This small shrub found in the wild from the Cape through tropical Africa to Asia, is a tough plant with attractive foliage and fruit, attracts birds and is suitable for most gardens.
The slow-growing, evergreen shrub with a rather stiff and upright shape when old, can reach 1 to 2 m high over time. From the few, woody, upright stems, many short and thinner side branches shoot, all pointing upwards. The small oval-shaped leaves are a glossy dark green colour. Typical of this species, the upper half of the leaf edge is slightly cut with fine teeth. The older leaves are tough and leathery, whereas the new growth is soft with a lovely deep red colour.
The cream-coloured flowers formed in groups at the base of the leaves in spring (September to November) are is very small, but interesting, as the male and female flowers are borne on separate plants. The male flowers with their much-exserted red anthers, are more conspicuous than the female flowers. It is, however, the female plants that are covered with the attractive purple-coloured fruits after flowering (November to March). The fleshy, round fruits each with one seed, are formed in abundance tight against the stem and remain on the plants for many months.
Myrsine africana has a wide distribution from the Himalayas, China, and the Azores to eastern and southern Africa. It is found throughout South Africa, common in the summer and winter rainfall areas, growing naturally on rocky krantzes, in fynbos and forests.
Derivation of name and historical aspects
Myrsinaceae or the Cape myrtle family is a large family of woody plants with leaves that are gland-dotted and the fruits are a berry. The small genus Myrsine has about ten species that occur from Africa to China. Two species, Myrsine africana and M. pillansii are indigenous to South Africa. The name Myrsine is derived from the Greek name for myrtle, myrtus.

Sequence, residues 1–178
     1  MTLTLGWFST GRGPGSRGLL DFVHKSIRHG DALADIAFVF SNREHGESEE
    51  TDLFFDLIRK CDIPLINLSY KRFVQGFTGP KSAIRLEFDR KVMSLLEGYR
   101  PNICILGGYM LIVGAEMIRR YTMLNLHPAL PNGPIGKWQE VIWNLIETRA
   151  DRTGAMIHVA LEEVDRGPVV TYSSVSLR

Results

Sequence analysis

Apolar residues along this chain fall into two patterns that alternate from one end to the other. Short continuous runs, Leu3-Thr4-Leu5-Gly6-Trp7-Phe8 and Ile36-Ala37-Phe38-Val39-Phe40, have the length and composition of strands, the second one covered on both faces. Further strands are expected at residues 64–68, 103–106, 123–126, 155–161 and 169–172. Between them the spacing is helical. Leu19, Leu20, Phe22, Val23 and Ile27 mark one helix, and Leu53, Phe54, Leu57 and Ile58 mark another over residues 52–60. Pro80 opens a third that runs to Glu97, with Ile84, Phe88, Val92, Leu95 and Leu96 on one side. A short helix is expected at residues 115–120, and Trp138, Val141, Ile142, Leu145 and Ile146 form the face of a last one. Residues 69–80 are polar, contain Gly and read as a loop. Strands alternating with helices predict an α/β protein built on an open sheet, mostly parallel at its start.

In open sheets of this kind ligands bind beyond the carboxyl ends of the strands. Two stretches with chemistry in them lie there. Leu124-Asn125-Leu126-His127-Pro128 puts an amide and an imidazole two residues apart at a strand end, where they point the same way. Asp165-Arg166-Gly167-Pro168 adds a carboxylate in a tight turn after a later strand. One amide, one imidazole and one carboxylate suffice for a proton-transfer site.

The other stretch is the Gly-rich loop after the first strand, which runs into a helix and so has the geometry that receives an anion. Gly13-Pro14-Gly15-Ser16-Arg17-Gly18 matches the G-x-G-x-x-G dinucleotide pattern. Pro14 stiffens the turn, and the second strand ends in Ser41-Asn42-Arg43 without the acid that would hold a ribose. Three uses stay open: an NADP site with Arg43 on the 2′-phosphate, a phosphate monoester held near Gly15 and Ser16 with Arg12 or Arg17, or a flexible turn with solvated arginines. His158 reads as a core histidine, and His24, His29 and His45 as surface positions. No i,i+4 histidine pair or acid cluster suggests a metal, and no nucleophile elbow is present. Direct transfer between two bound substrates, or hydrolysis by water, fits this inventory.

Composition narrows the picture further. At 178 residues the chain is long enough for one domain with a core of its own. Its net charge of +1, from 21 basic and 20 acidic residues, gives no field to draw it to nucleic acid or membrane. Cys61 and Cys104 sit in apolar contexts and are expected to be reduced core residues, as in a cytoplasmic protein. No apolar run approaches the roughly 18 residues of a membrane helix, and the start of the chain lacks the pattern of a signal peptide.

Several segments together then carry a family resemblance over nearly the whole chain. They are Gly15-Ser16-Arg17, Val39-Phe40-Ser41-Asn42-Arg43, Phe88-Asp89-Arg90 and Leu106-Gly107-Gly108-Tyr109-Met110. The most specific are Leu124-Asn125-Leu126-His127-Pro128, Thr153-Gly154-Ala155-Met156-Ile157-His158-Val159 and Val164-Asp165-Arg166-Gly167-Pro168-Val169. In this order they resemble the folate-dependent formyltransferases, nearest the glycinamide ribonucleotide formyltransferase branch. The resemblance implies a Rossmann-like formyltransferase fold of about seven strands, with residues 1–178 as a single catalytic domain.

Myrsine africana was introduced from the Cape into England in the late seventeenth century where it was cultivated at Hampton Court in 1691 (McClintock 1994).
Birds love the fleshy fruits of Myrsine africana, helping to disperse the seed.
Uses and cultural aspects
Myrsine africana has many interesting and different uses. Watt & Breyer-Brandwijk (1962) recorded the following: in 1962 " The Southern Sotho administer it to rams to prevent their covering the ewes before the proper time. The Tswana and Kwena use a decoction of the leaf as a 'blood purifier'. The seed has sometimes occurred as an adulterant of powdered pepper".
Very adaptable, Myrsine africana is suitable for the formal garden, clipped into low hedges and features, tough enough for the water-wise garden, attracts birds, and is one of the best small shrubs for the shade garden.
Growing Myrsine africana
At Kirstenbosch, Myrsine africana grows well in dry, semi-shade under trees as well as in the full sun between fynbos plants and in a rockery. M. africana, planted with Knowltonia africana and Asparagus densiflorus, makes a tough water-wise combination, while creating interesting foliage contrast for texture throughout the year in the semi-shade.
Propagation is best from seed, as cuttings are slow and difficult to root. Plant the seedlings into pots to grow on until well established, before planting out into the garden. A regular, light pruning of the tips will encourage a bushy growth. Before planting, beds should be well prepared with compost and should be mulched after planting. In the winter rainfall areas of the Cape, plants should be planted in the winter to give the young plants the time to establish before the dry summer months.
Myrsine africana is slow growing, but long-lived and certainly worth the patience to give it a place in the garden.
References and further reading
- Killick, D.J.B. 1969. Myrsine africana. The Flowering Plants of Africa 40: t.1564.
- McClintock, E. 1994. African Box: Myrsine africana, Pacific Horticulture 56,2: 46.
- Pooley, E. 1998. A field guide to wild flowers of KwaZulu-Natal and the eastern region. Natal Flora Publications Trust, Durban.
- Pooley, E. 2003. Mountain flowers. Field guide to the flora of the Drakensberg and Lesotho. Flora Publications Trust, Durban.
- Watt, J.M. & Breyer-Brandwijk, M.G. 1962. Medicinal and poisonous plants of southern and eastern Africa. Livingstone, Edinburgh.
Liesl van der Walt